The Fraud of Journal Impact Factors

Elsevier, the giant journal-publishing monster, has always sounded to me like something out of Tolkein, a fallen Elvish city now inhabited only by ghouls and barrow wights, maybe. Yes, I’m a nerd (though not an exceptionally good Tolkein nerd; I never finished The Silmarillion). 

Here’s a new article that argues academic journal “impact factors” are basically fraudulent, with no or little basis in reality.

Of course, open access, too, is frequently a disaster, extracting thousands of dollars from faculty for the privilege of being hosted on some website with a shiny layout and a promise that it will be around forever. That’s fine if you’re at a rich university with money to pay for it, but most of us aren’t, so we dip into our own pocket or stick with the closed access journal.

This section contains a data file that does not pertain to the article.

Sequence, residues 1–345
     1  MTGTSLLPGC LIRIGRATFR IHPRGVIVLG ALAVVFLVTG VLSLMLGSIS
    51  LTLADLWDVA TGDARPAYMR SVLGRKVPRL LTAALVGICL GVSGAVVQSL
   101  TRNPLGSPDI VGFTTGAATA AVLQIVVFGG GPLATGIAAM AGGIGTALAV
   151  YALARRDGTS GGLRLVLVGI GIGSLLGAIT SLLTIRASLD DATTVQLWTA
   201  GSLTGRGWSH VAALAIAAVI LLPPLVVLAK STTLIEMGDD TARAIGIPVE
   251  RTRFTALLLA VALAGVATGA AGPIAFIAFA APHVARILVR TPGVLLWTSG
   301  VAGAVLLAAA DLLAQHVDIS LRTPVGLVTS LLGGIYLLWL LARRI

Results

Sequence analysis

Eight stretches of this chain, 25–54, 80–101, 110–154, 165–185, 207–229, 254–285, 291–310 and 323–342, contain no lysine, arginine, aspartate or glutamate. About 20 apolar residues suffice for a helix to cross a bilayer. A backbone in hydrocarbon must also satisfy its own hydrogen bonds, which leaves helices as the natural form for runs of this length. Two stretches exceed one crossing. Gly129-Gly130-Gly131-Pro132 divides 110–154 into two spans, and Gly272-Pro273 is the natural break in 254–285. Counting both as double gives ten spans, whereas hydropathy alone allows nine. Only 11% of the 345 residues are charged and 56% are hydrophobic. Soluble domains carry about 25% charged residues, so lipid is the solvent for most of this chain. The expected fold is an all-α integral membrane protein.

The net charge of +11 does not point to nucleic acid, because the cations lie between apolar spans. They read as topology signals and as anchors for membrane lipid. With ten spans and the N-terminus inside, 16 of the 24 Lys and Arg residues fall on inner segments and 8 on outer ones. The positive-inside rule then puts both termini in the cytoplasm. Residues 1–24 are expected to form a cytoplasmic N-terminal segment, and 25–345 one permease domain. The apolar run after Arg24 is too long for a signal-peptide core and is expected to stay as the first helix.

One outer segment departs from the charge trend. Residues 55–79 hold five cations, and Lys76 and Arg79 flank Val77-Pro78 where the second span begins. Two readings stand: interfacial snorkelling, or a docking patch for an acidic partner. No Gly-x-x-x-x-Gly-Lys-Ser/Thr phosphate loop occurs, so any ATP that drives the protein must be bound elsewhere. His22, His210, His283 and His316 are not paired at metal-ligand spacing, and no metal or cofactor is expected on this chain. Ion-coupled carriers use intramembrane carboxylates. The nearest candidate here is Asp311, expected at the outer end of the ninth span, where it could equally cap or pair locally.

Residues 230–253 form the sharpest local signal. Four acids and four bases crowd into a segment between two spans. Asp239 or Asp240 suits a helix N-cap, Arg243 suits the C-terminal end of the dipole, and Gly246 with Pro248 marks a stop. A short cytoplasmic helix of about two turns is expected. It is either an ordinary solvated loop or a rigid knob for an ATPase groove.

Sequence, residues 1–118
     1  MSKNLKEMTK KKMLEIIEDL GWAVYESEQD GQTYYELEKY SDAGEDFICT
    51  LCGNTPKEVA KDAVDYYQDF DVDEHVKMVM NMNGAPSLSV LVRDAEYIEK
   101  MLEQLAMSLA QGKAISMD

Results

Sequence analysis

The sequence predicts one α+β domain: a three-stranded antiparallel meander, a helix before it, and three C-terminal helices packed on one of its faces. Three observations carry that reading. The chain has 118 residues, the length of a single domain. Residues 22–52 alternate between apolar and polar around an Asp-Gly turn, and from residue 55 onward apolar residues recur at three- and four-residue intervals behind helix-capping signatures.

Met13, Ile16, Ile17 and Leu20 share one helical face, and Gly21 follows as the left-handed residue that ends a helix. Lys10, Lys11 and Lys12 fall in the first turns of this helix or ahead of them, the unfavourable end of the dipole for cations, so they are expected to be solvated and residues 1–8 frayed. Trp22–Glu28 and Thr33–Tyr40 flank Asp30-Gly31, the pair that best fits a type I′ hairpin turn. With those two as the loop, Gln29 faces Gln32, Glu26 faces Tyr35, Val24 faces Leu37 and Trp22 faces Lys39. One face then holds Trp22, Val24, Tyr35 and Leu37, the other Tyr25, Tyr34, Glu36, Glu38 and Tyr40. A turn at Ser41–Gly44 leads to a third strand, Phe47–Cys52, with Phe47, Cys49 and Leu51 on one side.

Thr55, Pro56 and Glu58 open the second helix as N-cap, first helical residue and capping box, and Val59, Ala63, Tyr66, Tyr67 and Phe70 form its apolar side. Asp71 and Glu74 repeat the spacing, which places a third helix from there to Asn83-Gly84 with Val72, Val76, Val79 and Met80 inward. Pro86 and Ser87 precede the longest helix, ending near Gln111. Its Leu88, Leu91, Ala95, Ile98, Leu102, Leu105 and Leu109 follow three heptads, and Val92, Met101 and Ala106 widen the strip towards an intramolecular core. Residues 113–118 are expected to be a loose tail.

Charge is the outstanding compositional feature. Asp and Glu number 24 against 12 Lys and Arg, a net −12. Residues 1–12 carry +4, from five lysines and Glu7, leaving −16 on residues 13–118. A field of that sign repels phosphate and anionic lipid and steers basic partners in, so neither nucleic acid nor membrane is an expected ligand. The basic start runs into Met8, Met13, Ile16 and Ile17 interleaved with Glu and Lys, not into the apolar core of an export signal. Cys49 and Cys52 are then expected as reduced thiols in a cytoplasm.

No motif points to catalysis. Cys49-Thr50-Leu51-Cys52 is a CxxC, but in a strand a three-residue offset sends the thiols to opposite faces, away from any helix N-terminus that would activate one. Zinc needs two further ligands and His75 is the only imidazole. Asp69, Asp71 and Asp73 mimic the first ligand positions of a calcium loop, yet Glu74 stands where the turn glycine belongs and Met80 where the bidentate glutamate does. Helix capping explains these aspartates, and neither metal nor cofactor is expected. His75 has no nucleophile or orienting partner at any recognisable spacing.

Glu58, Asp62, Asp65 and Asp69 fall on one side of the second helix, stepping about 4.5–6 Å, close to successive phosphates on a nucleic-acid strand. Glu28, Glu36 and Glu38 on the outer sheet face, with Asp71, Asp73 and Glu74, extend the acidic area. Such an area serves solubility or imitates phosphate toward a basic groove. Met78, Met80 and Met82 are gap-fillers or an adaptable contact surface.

The only way to win is not to play, except that people need jobs, and our imaginary prestige economy claims that these imaginary factors mean things.

My basic theory: Nearly everyone is doing outstanding work nearly all the time and our rankings are meaningless.

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